The Yorkton and District Horticultural Society has not planned any meetings just yet, even though this would be when our meetings would be beginning. Things are different, aren’t they! But be sure to visit our website at www.yorktonhort.cawhere we will keep you up to the minute with what is happening with the group, as well as give you a chance to see interesting articles and pictures!
Chilly nights, shorter days…fall is coming, isn’t it! But there is still so much beauty to enjoy. One thing I noticed was the lovely City plantings around town; have you taken time to admire them? They are a wonderful mixture of all kinds of flowers, and they look beautiful! Thank you to the City workers who cared for them on those hot, hot days: your efforts resulted in amazing planters.
In our own yards, the flowers are still bravely bright and beautiful, or maybe they look even more so because we know the season is coming to a close. It is a shame to pull them out before frost, but one thing we always have to remember is that when it freezes, they’re done. And that leaves a lot of clean-up all at once. Consider working ahead, even a little bit.
This is the time of year, too, when we must think about which plants we are hoping to over-winter, and how to do so. Let’s talk about an old gardening favorite, geraniums. If we have the luxury of space and bright windows, we might bring them in and keep them as a houseplant. If we go this route, we must check the plants to be sure they are fit, no bugs or disease. We should trim them back by about two thirds. And we should bring them in before there is a very drastic change in temperature. Don’t wait until the first hard frost and then haul them in. They’ll be looking around our homes thinking “what’s this, why is it so warm and dry in here?’ and then they’ll go into shock and maybe drop their leaves.
For many gardeners, a more practical solution is to take slips and nurture them over the winter. This is fine solution to keeping those special geraniums, and gives us small houseplants to care for all winter.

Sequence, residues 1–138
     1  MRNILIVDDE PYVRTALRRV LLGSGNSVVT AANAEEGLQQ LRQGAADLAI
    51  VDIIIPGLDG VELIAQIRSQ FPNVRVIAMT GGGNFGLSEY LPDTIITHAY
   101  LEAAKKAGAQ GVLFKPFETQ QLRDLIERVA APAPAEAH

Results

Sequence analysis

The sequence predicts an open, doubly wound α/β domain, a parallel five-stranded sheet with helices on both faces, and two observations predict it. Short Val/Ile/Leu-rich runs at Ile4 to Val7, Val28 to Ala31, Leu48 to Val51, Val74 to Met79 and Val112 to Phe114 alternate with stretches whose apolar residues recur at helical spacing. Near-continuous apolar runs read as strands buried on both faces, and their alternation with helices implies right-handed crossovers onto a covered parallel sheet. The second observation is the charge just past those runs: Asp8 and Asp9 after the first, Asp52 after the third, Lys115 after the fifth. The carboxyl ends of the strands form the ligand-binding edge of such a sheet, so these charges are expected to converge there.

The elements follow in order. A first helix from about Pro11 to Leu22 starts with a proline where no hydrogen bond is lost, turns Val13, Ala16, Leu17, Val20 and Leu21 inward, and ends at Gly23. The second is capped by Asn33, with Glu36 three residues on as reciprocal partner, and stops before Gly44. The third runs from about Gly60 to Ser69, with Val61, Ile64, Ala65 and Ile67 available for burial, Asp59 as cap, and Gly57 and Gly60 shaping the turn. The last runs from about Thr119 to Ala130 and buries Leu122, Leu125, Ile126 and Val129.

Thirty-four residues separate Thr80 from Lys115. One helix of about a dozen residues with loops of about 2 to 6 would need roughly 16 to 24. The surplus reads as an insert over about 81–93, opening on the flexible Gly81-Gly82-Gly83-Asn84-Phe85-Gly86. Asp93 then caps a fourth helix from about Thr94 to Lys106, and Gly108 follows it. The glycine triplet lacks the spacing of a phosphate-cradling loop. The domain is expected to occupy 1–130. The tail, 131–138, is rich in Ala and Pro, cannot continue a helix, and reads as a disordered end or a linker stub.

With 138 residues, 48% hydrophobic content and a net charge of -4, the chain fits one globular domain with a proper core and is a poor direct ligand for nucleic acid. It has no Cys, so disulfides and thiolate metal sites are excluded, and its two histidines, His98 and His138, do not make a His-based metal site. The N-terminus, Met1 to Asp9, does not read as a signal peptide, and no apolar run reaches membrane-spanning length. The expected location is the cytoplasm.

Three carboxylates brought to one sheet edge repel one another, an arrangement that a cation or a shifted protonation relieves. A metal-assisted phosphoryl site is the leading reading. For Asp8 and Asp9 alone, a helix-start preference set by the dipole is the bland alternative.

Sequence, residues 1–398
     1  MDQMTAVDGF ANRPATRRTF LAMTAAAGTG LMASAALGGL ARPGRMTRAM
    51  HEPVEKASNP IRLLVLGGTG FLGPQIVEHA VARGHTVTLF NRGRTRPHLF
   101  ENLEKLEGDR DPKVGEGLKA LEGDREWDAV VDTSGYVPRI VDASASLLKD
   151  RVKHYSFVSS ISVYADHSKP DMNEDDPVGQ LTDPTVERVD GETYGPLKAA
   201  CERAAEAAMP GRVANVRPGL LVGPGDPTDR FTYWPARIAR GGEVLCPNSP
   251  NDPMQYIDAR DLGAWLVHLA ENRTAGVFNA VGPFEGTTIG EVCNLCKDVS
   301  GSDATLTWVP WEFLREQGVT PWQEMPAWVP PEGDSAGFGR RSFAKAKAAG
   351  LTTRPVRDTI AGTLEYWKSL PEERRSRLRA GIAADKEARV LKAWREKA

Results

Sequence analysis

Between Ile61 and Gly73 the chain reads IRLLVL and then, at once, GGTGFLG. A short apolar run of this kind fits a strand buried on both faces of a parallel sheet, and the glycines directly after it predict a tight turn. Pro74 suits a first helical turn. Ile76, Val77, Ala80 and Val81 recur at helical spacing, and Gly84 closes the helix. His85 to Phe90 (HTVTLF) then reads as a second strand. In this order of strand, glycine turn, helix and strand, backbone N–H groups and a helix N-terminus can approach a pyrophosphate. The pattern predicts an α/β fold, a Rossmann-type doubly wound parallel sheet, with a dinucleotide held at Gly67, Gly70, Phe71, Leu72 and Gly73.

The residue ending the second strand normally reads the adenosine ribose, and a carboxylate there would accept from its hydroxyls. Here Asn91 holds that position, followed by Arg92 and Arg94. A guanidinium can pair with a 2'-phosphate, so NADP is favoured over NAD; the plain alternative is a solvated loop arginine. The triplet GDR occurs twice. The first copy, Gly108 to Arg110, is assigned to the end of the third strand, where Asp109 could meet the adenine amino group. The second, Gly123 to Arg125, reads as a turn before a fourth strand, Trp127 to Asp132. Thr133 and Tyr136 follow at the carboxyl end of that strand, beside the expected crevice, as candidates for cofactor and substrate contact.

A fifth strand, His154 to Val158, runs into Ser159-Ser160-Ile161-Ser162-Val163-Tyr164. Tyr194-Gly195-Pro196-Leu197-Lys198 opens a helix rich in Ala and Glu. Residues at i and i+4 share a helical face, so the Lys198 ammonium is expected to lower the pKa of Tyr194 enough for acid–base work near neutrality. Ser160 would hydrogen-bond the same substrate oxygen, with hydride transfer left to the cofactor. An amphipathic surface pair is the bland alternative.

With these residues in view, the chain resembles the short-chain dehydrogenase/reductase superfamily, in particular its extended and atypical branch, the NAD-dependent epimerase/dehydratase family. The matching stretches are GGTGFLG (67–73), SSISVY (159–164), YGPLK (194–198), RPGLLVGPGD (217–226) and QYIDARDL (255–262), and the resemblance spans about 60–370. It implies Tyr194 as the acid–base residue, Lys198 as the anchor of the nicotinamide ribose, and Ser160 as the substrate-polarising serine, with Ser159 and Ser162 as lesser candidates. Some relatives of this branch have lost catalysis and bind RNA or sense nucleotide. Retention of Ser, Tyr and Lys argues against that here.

Some gardeners prefer to let the geraniums go into a dormant state over the winter. I know gardeners who do this and have great success, so we can chat about how it is done and you can decide if this method is the one you would choose. This is what I have been told: we should pot up the plant before frost, and cut them back. Take a breath; we are supposed to cut them back to half their size! Then, we cover the plant with a paper bag, or just store it in a cool, dark location. We should check it every four or five weeks and if it is visibly drying up and shrivelling, give it a bit of water. But otherwise, we leave it alone.
Around March or so, it’s time to bring the geraniums out into the light. At this time we start watering them again, and the plants will start their growth for spring.
A variation of this process is to hang the bare geranium roots in a cool, dark place, or store them layered between newspapers. Then we would bring them out at around the same time as the dormant method, plant them up, and proceed as normal.
As the saying goes, beautiful things are seldom easy. Keeping your geraniums is a work in progress. But I know many gardeners take great pride is keeping their geraniums for a number of years, especially if they are very interesting or special plants.
Thank you to our friends at Yorkton This Week: you are all amazing! Let’s pray for health for all and a few more weeks in our gardens before frost! Have a great week!